Rickie Lee Jones and Her New Message of Hope

`Flying Cowboys,' singer's first album in five years, offers more maturity - but minus her previous spontaneity. RECORDINGS: INTERVIEW

By , Staff writer of The Christian Science Monitor

SHE's back - the ``Duchess of Coolsville,'' as the critics dubbed her - and she's hipper than ever. Rickie Lee Jones, beatnik sweetheart with a voice of velvet, has just completed her first album in five years, ``Flying Cowboys.'' For her fans, it was worth the wait. Like the singer herself, who is now a wife and mother, ``Cowboys'' is more mature than Jones's earlier work. This album shows her as a talented musician, and, produced by Walter Becker, it has a consistency that Jones's earlier albums lacked. Songs range from reggae (``Ghetto of My Mind'') to the spectacular title track, to smooth pop in ``Satellites'' (released as a single), a new version of the 1960s Merseybeat classic ``Don't Let the Sun Catch You Crying,'' and the melodic ``Rodeo Girl,'' on which Jones plays all instruments except drums.

Unfortunately, ``Cowboys'' lacks the quirks and spontaneity that made Jones a breath of fresh air when she hit the music scene with a splash in 1979 and won a Grammy for ``best new artist'' with her debut album, which included the hits ``Chuck E.'s in Love'' and ``Danny's All-Star Joint.'' This new album is more polished - perhaps a letdown for fans of her first work but likely to appeal to a larger audience.

Reached by phone at home in southern California, the singer spoke about her music, about growing up, and about the loves of her life: her husband, musician Pascal Nabet-Meyer (whom she met in Tahiti when she was looking for a ride to the Gauguin museum), and their two-year-old daughter, Charlotte Rose.

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``I think it's simpler, more defined musically,'' says Jones of ``Cowboys.'' The songs are still stories about people - her specialty - but they're shorter and more contained.

Jones, who describes herself as ``a jazz singer who writes stories,'' says that half the time she writes music first; other times the lyrics inspire the music.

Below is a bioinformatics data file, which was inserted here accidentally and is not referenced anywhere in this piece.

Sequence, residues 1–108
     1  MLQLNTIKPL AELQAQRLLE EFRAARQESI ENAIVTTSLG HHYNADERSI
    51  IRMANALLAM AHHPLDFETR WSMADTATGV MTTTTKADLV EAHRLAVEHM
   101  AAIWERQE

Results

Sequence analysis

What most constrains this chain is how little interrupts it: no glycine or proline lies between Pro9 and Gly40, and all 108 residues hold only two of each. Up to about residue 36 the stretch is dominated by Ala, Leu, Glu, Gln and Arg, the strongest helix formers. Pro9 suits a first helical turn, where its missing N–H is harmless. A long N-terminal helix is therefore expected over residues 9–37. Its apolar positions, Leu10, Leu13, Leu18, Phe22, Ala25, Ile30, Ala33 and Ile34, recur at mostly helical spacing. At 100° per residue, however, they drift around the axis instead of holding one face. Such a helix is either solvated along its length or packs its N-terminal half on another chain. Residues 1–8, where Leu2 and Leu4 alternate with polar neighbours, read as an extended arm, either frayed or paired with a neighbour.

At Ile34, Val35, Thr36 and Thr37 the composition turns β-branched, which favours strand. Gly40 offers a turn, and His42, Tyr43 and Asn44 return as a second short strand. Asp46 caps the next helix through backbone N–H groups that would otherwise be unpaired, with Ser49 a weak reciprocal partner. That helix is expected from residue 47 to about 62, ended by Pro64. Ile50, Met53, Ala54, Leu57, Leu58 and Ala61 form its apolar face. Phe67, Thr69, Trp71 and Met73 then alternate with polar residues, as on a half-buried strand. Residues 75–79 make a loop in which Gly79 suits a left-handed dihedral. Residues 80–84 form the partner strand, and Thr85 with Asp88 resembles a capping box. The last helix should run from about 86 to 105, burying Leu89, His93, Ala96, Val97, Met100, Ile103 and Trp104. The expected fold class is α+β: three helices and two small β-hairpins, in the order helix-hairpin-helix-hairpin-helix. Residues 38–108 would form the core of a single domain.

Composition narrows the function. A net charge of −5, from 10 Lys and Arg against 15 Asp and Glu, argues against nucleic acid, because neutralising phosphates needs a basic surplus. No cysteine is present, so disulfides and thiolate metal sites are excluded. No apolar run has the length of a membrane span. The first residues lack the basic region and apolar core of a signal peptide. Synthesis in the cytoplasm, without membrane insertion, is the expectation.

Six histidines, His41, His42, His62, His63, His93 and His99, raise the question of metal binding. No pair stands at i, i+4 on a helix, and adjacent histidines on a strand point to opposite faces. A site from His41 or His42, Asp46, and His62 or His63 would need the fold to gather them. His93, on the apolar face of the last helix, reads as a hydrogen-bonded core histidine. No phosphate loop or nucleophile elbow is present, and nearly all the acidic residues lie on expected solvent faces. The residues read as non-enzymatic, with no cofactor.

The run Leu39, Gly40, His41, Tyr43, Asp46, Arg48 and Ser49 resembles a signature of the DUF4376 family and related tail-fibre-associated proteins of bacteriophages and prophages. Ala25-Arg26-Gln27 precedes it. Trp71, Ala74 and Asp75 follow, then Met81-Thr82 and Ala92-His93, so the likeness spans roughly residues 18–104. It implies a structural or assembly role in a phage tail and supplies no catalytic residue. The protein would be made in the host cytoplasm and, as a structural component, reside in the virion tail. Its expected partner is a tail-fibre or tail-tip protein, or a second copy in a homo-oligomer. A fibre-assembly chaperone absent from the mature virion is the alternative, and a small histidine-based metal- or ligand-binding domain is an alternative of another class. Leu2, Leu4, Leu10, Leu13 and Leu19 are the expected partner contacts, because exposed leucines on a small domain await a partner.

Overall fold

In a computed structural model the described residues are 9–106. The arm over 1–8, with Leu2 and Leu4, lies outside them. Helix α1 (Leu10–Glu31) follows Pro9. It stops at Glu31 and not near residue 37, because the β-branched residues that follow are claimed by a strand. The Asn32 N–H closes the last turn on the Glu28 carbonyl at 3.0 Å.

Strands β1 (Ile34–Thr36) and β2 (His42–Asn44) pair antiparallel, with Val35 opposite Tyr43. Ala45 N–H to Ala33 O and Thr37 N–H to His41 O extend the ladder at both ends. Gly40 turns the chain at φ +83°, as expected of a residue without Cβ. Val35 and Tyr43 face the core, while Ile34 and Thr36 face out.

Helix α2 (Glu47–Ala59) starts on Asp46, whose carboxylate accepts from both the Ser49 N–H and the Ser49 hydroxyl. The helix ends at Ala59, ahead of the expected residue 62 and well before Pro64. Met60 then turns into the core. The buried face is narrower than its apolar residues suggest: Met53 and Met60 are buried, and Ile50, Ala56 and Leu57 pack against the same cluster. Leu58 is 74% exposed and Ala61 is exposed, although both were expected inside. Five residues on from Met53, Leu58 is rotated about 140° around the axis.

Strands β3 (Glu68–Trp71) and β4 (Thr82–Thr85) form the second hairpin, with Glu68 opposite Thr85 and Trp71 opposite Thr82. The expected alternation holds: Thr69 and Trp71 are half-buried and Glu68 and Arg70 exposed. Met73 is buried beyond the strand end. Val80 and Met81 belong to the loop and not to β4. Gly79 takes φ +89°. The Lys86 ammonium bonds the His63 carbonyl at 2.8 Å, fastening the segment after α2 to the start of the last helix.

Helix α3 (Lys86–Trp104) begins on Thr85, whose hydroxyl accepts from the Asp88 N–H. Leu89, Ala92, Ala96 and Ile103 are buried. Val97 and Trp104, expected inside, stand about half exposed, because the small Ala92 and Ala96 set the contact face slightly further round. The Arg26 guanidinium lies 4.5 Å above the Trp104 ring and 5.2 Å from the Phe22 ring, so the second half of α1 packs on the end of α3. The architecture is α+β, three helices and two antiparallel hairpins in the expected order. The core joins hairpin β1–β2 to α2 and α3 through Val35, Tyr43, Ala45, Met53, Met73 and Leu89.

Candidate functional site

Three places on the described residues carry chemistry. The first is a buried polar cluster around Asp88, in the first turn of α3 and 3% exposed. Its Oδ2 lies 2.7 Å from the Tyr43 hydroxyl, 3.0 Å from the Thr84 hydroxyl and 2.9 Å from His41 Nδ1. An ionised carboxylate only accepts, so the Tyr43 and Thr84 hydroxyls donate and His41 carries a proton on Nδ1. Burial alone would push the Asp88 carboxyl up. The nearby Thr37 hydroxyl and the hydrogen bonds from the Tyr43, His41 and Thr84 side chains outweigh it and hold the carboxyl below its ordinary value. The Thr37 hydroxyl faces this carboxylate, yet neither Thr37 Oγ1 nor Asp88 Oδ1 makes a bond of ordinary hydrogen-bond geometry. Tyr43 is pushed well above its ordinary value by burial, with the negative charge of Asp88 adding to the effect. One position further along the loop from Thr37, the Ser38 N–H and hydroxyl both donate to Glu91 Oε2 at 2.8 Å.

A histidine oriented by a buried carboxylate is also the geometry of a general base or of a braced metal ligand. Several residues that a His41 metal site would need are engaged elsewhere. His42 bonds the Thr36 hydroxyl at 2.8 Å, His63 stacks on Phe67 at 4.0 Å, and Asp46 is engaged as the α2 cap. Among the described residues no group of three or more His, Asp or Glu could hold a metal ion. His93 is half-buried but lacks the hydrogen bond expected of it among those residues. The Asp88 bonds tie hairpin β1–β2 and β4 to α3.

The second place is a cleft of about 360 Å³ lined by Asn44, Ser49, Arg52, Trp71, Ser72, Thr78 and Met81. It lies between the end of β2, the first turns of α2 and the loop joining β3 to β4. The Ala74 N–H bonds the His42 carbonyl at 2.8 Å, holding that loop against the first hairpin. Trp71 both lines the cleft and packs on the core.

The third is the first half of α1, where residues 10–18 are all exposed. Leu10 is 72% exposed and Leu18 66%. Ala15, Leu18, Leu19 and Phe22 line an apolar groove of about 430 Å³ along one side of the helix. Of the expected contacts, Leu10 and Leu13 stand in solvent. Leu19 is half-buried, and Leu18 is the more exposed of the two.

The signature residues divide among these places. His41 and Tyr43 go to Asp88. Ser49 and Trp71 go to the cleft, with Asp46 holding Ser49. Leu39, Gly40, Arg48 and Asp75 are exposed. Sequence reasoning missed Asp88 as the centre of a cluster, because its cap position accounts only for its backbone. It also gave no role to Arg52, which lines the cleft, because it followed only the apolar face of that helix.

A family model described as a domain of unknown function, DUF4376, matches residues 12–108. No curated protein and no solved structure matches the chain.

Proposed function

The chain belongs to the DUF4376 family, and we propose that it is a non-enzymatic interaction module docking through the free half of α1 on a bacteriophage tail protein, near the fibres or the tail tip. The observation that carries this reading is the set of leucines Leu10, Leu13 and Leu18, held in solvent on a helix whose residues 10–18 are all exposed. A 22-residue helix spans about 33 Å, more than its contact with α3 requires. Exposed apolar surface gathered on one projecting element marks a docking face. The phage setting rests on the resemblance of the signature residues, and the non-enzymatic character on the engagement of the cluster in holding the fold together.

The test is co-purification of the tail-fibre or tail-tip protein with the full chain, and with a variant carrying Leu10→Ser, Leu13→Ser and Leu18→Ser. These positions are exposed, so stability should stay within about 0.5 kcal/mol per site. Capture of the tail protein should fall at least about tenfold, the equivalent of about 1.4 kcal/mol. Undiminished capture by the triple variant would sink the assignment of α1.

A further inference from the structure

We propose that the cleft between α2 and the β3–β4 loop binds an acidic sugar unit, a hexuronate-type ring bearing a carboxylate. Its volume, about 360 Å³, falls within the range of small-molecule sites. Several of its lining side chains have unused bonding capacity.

``Sometimes they take years, and sometimes they take a week,'' she says, laughing and adding quickly in her characteristic self-cross-check: ``Well, I don't know if they take a week. One probably took a week.''

When she's not making her own music, Jones is most likely listening to her old ``heroes'' John Lennon, Frank Sinatra, Van Morrison or to new bands like Blue Nile from Scotland and the Pogues from Ireland.

``I don't listen to the radio much,'' says Jones, adding that she doesn't know if her new songs are being played, even though airplay is crucial to album sales. ``I would like to hear [the title track] `Flying Cowboys' on the radio 'cause I think it's a really cool song, ..., but the way radio is now - I shouldn't say this - but it's not very flattering to be played on it.''

The songs on this album, she says, are like an artist's painting in their expression of their creator's feelings. She sings about children, lovers, heroes, growing up. In ``The Horses,'' she sings: ``I'll pick you up darlin' if you fall/ Don't you worry 'bout a thing little girl/ Because I was young myself not so long ago/ ... And when I was young, oh I was a wild, wild one.''

This album, says Jones, leaves the listener with ``an image of strength ..., of hope, and healing.''

But critics have dredged up Jones's troubles with drugs, to the musician's dismay. Not because she's ashamed, but because she considers those matters private affairs which are over now. ``It's really important to forgive yourself for wanting to take drugs and needing to take drugs, and then to rework and remake a world and a self that doesn't want or need those things. ... I don't talk about it, because it's not crusading. It's a very private thing, and I don't like to mix it up with my career. ... I think my writing is too excellent and my work is too good to always be you know, `songwriter slash drug-abuser.'''

``It's just such a popular theme to have a broken woman who's still standing,'' says Jones, accusing the media of sexism: ``They don't make such a big deal out of Mick Jagger or Keith Richards destroying themselves. But when women do it, people are so much more offended. ... I think that men are allowed to be much more despicable, much more destructive and much more careless with themselves than women are,'' she said, pausing to think. ``Too bad for men, huh?''

What's next for Jones? ``Keep growing up,'' she says. ``Or you'll grow old.''

Jones plans to tour in the US beginning this spring. In the meantime, she's content at home with her family - where her daughter is already taking after mom, writing and singing songs of her own.

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